The Rosen family has taken their unbearable loss and turned it into a legacy of compassion for others. As the song says, “there will be an answer, let it be…let it be…..”
A few years ago when the movie The Blind Side came out, I was told by a number of friends that I reminded them of Sandra Bullock’s character in the movie. At the time I thought it was perhaps because I had overly highlighted my hair, was raising a football player and had once done interior design. While I love Sandra Bullock, that was not who I was being compared to, but rather to Leigh Anne Tuohy, the character she played. I wasn’t sure exactly how to take this comment.
Months later, while speaking with my step sister, who was then promoting The Blind Side, she told me she had just met the Tuohy family from the film. Unaware of the previous comparisons, she said the same thing, however, this time about the actual person, Leigh Anne. She explained that Leigh Anne Tuohy wanted to bring orphans to the Academy Awards to highlight the need for adoption of abandoned children. Needless to say, that didn’t happen….but I secretly loved the idea.
A few years passed and I forgot all about the comparison. Then, last weekend, my oldest son came home for Easter, and brought me a present. He said, he had heard Mr. Tuohy speak at his school, promoting their new book, In a Heartbeat, Sharing the Power of Cheerful Giving. My oldest said, as he heard Sean Tuohy describe his wife, it reminded him of me, so he waited in line and brought me this.
I was flattered beyond words and for once was completely blind sided.
“For I remember it is Easter morn, And life and love and peace are all new born.” Alice Freeman Palmer
For as long as I can remember I have either hunted Easter eggs or hosted an Easter egg hunt. Never in my lifetime, whether in college or as a newlywed did my parents not have an Easter egg hunt for us. Now, as I am entering the mid-section of my life, I think this Sunday maybe the last egg hunt I host.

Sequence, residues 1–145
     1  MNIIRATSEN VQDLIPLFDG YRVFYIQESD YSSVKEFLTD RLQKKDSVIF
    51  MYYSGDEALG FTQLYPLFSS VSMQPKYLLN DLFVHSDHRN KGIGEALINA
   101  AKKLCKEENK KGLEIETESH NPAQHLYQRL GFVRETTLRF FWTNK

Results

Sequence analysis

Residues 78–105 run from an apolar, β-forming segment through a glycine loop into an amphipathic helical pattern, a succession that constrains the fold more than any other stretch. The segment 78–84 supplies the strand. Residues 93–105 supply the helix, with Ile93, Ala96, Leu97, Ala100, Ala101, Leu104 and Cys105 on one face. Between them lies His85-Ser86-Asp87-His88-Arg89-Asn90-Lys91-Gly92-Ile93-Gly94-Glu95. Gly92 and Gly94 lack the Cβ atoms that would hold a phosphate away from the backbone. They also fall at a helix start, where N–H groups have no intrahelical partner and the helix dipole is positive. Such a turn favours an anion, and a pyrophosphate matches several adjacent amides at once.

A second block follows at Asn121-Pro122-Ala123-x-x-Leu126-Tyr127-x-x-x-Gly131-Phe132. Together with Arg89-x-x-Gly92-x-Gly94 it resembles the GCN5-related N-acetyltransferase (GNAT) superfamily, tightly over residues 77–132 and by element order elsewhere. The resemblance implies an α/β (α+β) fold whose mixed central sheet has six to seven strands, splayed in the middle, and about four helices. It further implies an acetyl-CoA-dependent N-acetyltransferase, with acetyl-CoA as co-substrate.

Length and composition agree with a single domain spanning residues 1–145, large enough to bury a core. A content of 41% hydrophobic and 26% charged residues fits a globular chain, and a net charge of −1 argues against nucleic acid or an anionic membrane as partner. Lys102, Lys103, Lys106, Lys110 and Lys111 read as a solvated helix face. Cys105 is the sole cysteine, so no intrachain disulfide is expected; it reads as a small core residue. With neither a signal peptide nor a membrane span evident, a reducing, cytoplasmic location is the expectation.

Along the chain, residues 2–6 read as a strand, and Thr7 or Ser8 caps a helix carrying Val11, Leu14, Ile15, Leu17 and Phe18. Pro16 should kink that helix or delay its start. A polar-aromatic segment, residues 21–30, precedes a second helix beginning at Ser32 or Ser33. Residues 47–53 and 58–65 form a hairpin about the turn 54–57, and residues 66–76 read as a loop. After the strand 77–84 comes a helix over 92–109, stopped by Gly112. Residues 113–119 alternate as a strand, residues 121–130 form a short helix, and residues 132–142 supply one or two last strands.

How I went from the little girl with the basket, to the crazed hostess stuffing eggs and eating twice as many that are being filled, I am not exactly sure?
What I do know is that the joy that comes from hosting, from giving, sharing and delighting in others happiness is sweeter than all the chocolate consumed.
We have begun our spring cleaning. No, not with mops and brooms but rather clearing out closets, drawers, garages of unwanted, unused and unnecessary possessions. Luckily for me, I was inspired by recent visit to the Los Angeles Chapter of The St. Vincent de Paul Society.
Time and again, I have cleared out my closets and driven to the Goodwill….and am embarrassed to say that I am not sure what it is exactly they do with my things? One of my earliest childhood memories was of the St. Vincent de Paul truck pulling up for our used donations. Over the holidays, I met the Executive Director of the LA Chapter, and he invited me down to see what exactly it is that they do and trust me, it is so much more than a truck!
On my visit I learned the history of this amazing organization, which was founded in Paris in 1833 by a compassionate college student named Frederic Ozanam. He was challenged by the poverty he saw on the streets and organized a “Conference of Charity” to help the poor of all religions. Frederic wanted to create an avenue that assisted people to express their faith and grow spiritually through acts of charity. My kind of guy.
For over 100 years, SVDP has been serving the needy throughout the United States. The Society, as its called, is able to help provide the needy to become self sufficient by providing emotional and financial support, food, clothing, furniture and housing because of donations both financial and household. Many of the household items are passed on directly to someone in need.
Today, the Society, is an international volunteer organization with over 1,000,000 members in 142 countries and continues its founder’s mission to “seek and find the forgotten, the suffering or the deprived.”
So, as you start your spring cleaning, remember how much good your unneeded items are for another.